Inside of an industrial building in Turin, Italy resides Casa Jasmina, an open-source connected apartment where designers and tinkerers can test out their Internet of Things (IoT) and home-automation experiments.
Don’t start jumping to conclusions – there will be no flying appliances or talking refrigerators. Instead the goal is to encompass real-world, useful technologies for homeowners. Currently, the space is equipped with more than 15 IoT technologies. The two-year pilot project launched by Arduino and Toolbox is set up as a test bed for hackers and innovators to play with their digital projects.
When you step inside Casa Jasmina, you don’t just witness a traditional kitchen, bedroom, bathroom, and library. Instead, “it’s a public interface for a larger Internet-of-Things process of building things, acquiring installing things, removing things, repairing and maintaining things, storing things, recording and linking to things, and, last but very importantly, getting rid of things,” according to Casa Jasmina’s website.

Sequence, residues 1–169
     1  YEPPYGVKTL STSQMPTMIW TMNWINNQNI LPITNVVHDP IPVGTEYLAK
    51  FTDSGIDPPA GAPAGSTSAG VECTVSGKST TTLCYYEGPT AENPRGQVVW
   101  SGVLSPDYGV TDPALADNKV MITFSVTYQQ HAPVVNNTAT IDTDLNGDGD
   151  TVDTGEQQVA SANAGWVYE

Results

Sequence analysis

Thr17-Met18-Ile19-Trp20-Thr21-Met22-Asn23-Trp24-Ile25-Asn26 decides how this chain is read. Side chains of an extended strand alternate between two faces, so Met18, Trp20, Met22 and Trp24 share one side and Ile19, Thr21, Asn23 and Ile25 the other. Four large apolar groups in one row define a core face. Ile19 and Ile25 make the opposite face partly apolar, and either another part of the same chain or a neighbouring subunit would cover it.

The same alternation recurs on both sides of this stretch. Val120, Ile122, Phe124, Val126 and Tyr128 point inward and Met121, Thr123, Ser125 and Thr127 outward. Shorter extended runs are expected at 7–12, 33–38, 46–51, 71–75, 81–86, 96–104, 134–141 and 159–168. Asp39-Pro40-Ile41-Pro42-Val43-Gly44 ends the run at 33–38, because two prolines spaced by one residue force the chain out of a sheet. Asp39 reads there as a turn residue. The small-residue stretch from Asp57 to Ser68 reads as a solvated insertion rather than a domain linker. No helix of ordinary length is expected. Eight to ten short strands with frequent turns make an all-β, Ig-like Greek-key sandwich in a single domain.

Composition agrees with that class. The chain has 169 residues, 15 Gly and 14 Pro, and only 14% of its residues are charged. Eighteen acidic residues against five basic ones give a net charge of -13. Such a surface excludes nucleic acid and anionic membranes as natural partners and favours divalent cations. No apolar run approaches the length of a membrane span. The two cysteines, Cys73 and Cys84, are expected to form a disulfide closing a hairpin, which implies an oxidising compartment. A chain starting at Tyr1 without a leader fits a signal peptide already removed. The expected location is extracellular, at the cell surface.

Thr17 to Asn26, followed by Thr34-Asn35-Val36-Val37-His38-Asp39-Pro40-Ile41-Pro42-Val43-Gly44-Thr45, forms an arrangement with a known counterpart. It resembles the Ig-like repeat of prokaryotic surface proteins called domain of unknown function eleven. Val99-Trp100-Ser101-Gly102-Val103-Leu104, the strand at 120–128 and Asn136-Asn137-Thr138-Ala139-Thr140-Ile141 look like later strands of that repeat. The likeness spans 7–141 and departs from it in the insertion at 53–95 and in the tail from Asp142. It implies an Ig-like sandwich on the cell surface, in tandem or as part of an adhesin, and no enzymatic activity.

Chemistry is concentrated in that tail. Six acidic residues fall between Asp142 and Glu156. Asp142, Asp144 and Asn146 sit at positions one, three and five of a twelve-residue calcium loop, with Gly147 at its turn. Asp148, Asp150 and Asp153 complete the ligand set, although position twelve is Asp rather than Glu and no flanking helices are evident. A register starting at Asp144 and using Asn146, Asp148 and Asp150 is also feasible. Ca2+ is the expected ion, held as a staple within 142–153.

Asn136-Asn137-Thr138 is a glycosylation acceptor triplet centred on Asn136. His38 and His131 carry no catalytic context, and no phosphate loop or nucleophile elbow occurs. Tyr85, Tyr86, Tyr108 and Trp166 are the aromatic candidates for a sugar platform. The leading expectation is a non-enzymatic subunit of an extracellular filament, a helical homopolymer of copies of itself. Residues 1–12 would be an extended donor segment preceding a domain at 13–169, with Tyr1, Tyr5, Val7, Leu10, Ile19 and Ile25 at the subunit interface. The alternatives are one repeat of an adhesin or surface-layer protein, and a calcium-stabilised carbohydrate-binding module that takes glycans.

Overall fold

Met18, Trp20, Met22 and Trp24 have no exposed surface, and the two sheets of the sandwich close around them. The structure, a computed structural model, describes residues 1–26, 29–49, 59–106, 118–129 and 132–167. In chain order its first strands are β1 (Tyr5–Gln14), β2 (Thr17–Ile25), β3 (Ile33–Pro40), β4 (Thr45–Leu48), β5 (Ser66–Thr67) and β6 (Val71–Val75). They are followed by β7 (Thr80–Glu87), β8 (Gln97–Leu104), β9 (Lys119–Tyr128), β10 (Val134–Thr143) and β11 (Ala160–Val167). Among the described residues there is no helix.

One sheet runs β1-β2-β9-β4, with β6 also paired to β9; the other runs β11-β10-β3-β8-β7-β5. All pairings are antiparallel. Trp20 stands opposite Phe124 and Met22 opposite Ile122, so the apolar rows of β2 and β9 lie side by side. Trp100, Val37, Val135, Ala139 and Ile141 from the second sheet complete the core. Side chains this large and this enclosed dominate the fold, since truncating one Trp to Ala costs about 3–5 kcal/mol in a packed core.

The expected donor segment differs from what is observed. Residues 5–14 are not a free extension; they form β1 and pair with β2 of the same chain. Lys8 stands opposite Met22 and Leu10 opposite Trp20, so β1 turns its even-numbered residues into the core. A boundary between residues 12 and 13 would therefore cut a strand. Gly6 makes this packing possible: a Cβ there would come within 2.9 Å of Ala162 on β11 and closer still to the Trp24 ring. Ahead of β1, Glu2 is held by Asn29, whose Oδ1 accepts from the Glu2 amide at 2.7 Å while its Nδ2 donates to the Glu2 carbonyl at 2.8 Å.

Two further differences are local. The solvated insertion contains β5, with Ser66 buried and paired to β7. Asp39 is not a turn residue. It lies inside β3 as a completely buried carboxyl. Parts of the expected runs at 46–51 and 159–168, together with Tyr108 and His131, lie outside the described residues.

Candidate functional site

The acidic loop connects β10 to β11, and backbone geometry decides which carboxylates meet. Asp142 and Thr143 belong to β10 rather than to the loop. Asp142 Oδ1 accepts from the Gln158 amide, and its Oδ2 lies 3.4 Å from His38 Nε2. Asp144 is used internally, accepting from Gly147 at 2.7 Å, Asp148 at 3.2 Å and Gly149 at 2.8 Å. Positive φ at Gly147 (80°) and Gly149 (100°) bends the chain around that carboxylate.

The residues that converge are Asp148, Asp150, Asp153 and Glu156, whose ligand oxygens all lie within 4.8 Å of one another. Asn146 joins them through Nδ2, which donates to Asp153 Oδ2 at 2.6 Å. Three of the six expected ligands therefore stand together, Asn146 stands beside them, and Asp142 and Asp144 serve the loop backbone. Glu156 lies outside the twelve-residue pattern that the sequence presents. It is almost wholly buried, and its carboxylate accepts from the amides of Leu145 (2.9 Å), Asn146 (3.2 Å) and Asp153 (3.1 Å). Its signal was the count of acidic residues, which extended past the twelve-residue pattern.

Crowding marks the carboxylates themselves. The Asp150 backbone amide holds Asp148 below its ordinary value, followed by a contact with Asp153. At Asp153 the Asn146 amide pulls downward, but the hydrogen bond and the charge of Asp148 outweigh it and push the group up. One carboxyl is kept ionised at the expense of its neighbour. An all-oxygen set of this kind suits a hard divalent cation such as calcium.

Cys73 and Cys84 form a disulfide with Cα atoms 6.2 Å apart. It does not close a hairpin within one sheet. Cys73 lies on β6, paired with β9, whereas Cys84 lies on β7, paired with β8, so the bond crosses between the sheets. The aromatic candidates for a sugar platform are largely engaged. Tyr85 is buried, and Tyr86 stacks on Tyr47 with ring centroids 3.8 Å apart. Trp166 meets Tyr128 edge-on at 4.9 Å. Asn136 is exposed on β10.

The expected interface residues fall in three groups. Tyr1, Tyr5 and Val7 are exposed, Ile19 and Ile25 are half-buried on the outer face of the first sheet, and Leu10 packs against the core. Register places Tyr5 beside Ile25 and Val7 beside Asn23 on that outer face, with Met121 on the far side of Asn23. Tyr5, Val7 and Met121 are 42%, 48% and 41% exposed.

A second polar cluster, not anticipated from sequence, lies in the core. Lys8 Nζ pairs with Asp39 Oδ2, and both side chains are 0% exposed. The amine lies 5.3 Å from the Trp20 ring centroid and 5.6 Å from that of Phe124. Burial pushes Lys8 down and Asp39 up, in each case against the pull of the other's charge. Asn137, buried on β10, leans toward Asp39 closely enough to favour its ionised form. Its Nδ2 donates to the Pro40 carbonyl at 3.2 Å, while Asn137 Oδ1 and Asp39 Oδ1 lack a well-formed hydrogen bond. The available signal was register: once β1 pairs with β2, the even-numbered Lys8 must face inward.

The project is designed to encourage the designers of future homes. Upon its opening, Casa Jasmina was furnished with some Maker furniture, a variety of Valcucine kitchen appliances, and a display of connected household objects.
Some of the devices inside include an LED lamp that’s built using a milk carton (no wires required) and an opto-artwork called “9 Random Spots” by Marco Brianzo that reveals patterns of colored lights that respond to changes in radiation (all using Arduino software to handle the data on the back-end).
Another goal of Casa Jasmina is for smart-home products to work effortlessly with one another. So, let’s say you want your home to run on Google Nest or any smart device from a single provider, for that matter; you’d have to ensure all of your devices are compatible. This can become costly and a nuisance. Wouldn’t it be great if all smart-home items could just work together as a team? That’s what Casa Jasmina aims for.
Casa Jasmina will be available for renters via Airbnb. Soon anyone can spend some time in the connected home of the future and get an idea of what it will be like to live “smart” on a day-to-day basis.